This tool will help you to design a parabolic trough and give you the information you will need to build a simple one on your own.
Compiled without source code guarding. Exe will start correctly on machines without additional DLLs.
Export functions are available now.
By ” Print 1:1 ” functionality you are now able to plot the parabola at its real size and to use it as a template for cutting the beams or to cut a solid beam.
You can enter the width of the reflector here. (Real/plain width of the mirror)
To stabilize the parabolic shape, it is useful to place some supporting beams along the curve. The middle is always fixed to x=0 and the outer one to the highest point of the reflector.
Focal Point Height:
Parabola Tool calculates the curve by selecting the damping of the parabola. The height of the focal point is the most important variable you have to select to get good results. The higher this value is, the lower are the shadowing effects. Keep in mind that this will also increase the vulnerability to inaccuracy. A good starting point should be 30cm-1m for 1m x 2m base frames and 3/4 ” absorbers.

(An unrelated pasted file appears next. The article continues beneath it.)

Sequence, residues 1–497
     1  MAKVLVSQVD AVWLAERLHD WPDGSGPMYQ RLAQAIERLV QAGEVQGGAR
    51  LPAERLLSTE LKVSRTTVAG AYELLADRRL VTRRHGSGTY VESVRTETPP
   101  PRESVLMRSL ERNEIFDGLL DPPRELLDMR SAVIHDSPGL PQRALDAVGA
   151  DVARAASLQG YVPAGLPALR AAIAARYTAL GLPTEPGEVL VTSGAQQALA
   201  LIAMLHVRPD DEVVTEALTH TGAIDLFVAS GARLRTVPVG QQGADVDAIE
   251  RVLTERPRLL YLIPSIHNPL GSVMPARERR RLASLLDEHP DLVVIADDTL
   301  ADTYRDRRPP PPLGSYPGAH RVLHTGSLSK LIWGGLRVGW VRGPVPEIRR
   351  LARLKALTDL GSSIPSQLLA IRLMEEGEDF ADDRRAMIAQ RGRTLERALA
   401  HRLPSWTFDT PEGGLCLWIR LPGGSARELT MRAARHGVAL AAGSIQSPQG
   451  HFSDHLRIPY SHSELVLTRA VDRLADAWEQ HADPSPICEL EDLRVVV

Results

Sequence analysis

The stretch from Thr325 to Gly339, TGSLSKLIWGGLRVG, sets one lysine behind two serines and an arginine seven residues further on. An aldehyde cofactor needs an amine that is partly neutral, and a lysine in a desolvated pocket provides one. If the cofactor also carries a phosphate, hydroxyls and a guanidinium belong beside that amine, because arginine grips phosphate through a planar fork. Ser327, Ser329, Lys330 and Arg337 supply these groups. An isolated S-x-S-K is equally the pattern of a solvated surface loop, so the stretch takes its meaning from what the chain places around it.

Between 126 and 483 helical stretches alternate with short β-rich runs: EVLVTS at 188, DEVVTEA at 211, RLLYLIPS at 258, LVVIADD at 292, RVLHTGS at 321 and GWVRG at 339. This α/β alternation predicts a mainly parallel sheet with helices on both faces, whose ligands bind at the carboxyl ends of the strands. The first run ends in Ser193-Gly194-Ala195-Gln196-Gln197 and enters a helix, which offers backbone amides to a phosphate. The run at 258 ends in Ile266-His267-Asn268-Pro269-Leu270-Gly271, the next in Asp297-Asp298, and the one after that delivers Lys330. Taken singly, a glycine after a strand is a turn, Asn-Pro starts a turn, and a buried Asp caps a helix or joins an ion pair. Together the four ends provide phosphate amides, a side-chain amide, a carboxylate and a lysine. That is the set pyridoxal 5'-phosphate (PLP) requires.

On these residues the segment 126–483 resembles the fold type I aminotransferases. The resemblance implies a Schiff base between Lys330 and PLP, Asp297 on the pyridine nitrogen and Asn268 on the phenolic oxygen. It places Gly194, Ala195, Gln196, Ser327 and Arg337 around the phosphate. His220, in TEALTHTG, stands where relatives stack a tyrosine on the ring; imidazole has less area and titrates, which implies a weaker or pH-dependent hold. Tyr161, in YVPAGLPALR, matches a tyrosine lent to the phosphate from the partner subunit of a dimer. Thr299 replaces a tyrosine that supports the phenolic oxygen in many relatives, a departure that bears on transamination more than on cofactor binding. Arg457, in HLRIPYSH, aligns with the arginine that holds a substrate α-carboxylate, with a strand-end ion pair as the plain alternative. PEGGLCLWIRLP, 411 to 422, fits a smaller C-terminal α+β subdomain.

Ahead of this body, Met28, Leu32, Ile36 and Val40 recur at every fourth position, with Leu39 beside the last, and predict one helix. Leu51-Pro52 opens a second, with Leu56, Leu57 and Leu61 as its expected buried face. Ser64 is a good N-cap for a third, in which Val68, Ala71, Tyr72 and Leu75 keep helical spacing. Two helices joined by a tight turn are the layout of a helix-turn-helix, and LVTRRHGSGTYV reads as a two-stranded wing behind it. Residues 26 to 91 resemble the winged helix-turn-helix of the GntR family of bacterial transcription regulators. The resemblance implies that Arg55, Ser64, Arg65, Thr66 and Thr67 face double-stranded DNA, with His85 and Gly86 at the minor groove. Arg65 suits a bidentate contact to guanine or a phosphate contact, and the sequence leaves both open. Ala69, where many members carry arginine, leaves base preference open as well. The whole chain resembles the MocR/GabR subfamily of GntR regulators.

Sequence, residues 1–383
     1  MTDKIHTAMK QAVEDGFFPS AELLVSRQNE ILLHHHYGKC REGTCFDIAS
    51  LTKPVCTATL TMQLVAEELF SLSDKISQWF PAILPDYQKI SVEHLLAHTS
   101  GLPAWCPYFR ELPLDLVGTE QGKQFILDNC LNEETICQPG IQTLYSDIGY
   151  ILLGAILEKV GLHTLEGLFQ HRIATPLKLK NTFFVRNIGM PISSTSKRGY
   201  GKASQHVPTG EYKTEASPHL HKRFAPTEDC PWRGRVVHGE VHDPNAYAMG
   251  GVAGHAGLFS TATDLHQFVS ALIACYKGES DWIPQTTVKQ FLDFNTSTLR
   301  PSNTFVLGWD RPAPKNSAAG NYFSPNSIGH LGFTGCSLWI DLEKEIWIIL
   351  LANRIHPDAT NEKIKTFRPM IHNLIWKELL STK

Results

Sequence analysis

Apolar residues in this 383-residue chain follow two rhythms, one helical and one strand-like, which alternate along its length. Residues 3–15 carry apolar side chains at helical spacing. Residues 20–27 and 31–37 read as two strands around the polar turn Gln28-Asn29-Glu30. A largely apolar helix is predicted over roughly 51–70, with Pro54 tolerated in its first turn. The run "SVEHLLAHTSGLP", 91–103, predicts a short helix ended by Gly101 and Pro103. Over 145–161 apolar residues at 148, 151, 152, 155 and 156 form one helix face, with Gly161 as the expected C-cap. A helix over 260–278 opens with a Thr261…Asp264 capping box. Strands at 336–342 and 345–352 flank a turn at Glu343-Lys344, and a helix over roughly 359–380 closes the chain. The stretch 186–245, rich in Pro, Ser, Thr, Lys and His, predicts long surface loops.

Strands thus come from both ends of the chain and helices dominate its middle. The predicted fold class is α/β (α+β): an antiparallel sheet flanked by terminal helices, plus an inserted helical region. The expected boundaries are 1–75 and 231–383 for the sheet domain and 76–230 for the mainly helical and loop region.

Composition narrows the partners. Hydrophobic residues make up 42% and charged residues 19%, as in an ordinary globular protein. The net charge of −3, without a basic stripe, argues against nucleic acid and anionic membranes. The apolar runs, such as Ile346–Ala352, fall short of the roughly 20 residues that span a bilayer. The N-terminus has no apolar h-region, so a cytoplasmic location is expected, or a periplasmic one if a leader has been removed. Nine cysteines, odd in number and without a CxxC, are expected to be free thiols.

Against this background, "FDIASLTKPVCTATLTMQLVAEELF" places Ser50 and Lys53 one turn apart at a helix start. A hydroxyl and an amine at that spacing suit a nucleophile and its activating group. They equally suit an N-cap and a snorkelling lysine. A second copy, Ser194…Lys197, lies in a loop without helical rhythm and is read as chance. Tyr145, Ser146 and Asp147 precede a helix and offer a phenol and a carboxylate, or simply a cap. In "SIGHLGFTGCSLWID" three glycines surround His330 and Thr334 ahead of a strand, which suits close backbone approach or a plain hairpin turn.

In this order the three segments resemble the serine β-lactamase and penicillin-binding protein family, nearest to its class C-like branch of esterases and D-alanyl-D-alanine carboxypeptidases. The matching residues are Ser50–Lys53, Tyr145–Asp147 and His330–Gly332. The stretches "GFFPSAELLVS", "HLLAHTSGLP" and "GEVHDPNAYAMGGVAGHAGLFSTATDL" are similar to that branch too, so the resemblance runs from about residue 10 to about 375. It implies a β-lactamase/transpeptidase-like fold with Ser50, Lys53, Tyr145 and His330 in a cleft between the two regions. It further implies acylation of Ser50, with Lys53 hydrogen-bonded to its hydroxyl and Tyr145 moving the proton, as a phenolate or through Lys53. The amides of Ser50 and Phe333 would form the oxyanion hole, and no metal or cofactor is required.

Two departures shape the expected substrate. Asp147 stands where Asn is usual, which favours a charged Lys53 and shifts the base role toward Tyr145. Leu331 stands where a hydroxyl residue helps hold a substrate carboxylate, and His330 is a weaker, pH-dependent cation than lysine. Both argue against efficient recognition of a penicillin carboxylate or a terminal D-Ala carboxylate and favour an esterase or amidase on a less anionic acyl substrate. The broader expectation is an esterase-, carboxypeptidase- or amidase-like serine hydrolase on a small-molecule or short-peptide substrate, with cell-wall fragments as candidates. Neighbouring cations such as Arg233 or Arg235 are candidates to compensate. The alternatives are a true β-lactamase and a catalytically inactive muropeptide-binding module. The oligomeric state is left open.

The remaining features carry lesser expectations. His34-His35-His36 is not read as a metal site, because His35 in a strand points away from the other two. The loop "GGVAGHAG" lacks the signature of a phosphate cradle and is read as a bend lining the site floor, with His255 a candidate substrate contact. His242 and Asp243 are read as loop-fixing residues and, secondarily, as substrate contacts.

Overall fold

Is the shortest distance between both ends of the reflector. You can use this as a starting point for the width of the base frame.
Currently I’m building a low cost 1000mm x 2000mm parabolic trough for experimental purposes, which is split into four 1000mm x 500mm segments. Polished stainless steel is used as reflector material.
The tool used to calculate the support structure can be found here.
Up to now there are no building instructions here, but I will update the site from time to time.
If you are interested in more technical drawings please write a mail. If there are enough requests, I will upload further material.
A technical drawing (1:10) is now available: parabolictrough_technical_drawing
Today I did a series of tests, which should view the capability of the new mirror mounting.
Here are the results:
To get 700ml water to boiling temperature, one of the four modules (500mm x 918mm) took 7min.
If the absorber is preheated, the water already starts boiling in less than 5min.
The next test setup was filled with cooking oil to determine the maximum temperature of the module.
The highest temperature was 138°C after 4-5min with the poor, quickly black lacquered aluminium tube.
In my opinion it’s not that bad and I will continue to optimize the absorber.
Further steps are:
- Try to get a ” cheap ” vacuum absorber tube. (DONE)
- Try different materials for the tube.
- Aluminium has good thermal conductivity (235W/(m·K)) but it is cooled down too fast by the fluid inside the tube and shadowing effects.
- In my opinion it woud be better if the tube acts as a capacity and could store the heat, which could then be transmitted more steadily.